For Windows or Linux machines, you can begin a restore from any location on the Rapid Recovery Core Console by clicking the Restore icon in the Rapid Recovery button bar. When you start a restore in this manner, you must specify which of the machines protected on the Core you want to restore, and then drill down to the volume you want to restore.

Or you can go to Recovery Points page for a specific machine, click the drop-down menu for a specific recovery point, and then select Restore. If you begin a restore in this manner, then follow start with step 5 in the topic Restoring volumes from a recovery point.

You can also restore from a recovery point on a Linux machine from the command line. For more information, see the topic Restoring volumes for a Linux machine using the command line.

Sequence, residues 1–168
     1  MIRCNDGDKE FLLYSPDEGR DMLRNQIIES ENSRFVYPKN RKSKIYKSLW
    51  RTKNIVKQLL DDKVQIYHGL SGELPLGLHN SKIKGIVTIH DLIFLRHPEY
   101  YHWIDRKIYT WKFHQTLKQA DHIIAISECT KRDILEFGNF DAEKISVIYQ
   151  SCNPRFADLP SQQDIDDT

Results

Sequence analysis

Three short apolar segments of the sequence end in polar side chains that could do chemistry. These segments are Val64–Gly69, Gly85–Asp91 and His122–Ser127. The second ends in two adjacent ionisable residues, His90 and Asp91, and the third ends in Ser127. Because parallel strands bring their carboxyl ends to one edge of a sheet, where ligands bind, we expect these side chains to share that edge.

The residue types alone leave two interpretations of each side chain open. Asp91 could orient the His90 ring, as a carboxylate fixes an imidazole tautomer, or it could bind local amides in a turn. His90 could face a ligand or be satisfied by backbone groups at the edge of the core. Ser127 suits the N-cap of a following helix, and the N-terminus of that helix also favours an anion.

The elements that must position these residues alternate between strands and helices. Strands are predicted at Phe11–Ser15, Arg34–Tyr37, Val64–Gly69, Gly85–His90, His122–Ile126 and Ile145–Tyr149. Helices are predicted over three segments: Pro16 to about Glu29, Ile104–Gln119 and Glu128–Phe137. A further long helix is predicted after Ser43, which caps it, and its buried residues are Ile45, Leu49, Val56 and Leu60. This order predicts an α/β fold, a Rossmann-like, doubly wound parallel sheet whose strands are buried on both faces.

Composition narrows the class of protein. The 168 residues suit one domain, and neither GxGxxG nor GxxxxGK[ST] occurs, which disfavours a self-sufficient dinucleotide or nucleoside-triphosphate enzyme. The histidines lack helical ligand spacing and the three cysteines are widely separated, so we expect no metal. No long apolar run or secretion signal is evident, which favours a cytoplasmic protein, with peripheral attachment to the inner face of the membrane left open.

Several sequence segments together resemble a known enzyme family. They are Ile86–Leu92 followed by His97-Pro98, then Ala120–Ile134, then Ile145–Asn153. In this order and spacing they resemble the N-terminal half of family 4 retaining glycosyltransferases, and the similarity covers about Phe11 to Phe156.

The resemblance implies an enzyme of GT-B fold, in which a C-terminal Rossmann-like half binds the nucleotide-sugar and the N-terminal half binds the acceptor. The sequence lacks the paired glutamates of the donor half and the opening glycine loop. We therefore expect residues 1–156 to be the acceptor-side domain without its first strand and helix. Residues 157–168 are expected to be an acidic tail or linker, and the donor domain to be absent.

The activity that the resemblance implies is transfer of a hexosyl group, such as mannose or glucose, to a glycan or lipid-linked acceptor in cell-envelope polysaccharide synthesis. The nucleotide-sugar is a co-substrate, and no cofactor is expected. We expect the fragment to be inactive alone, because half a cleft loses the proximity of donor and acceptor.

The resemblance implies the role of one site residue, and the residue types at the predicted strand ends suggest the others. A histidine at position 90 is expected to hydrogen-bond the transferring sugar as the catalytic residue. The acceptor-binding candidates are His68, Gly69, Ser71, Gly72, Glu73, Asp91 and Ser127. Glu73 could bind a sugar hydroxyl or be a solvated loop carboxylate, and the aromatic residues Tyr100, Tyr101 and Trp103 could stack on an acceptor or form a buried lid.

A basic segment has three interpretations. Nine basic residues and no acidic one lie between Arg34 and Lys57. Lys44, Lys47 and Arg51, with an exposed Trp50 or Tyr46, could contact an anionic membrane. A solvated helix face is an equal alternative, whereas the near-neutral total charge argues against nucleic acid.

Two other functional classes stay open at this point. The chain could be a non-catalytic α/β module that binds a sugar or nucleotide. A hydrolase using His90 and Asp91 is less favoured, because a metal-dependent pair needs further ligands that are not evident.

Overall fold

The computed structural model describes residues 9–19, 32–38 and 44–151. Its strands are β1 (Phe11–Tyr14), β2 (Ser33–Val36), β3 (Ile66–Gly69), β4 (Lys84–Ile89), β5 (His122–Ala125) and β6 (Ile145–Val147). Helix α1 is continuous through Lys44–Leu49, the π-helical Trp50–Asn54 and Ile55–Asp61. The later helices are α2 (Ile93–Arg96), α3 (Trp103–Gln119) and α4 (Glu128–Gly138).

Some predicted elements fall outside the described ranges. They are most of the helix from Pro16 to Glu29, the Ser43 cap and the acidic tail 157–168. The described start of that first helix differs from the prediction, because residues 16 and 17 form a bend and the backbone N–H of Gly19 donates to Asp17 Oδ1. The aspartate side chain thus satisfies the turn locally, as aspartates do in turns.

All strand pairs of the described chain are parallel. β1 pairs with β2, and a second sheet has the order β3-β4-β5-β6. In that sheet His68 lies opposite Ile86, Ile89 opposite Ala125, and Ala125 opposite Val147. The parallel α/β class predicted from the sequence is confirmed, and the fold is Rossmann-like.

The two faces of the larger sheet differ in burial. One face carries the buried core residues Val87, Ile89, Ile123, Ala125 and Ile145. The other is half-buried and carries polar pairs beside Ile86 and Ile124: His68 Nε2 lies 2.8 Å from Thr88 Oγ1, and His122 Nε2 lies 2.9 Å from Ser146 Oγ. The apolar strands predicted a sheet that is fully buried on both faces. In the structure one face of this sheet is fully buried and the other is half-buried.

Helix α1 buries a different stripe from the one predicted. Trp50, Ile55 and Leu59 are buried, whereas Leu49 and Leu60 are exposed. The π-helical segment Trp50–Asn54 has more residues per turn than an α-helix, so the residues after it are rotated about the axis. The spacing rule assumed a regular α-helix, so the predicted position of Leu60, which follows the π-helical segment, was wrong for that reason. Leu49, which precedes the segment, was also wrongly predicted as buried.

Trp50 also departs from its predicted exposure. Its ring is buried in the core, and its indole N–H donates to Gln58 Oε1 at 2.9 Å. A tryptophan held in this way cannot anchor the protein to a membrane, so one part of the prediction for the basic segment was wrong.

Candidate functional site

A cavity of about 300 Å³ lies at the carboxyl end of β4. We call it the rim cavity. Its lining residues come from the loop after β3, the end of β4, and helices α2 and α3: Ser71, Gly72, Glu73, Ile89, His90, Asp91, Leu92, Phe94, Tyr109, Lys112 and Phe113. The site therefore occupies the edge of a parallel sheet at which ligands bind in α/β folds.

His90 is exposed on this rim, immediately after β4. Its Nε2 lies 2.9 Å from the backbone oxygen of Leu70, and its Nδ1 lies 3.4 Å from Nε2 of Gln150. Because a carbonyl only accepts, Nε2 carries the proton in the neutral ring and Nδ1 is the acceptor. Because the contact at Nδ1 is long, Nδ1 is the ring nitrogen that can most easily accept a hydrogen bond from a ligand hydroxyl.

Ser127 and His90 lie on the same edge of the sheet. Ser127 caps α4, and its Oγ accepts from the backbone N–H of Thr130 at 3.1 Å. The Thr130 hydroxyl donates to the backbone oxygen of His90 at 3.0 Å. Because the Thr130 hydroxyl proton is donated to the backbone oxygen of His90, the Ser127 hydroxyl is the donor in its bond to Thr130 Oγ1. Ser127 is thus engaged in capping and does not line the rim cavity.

If you want to restore from a recovery point to a system volume, or restore from a recovery point using a boot CD, you must perform a Bare Metal Restore (BMR). For information about BMR, see Bare metal restore. You can access BMR functions for both Windows and Linux machines using the Restore Machines Wizard, accessible from the button bar of the Core Console. Ensure you read Prerequisites for performing a bare metal restore for Windows or Linux machines before attempting the process. For specific instructions, see the procedure Performing a bare metal restore using the Restore Machine Wizard.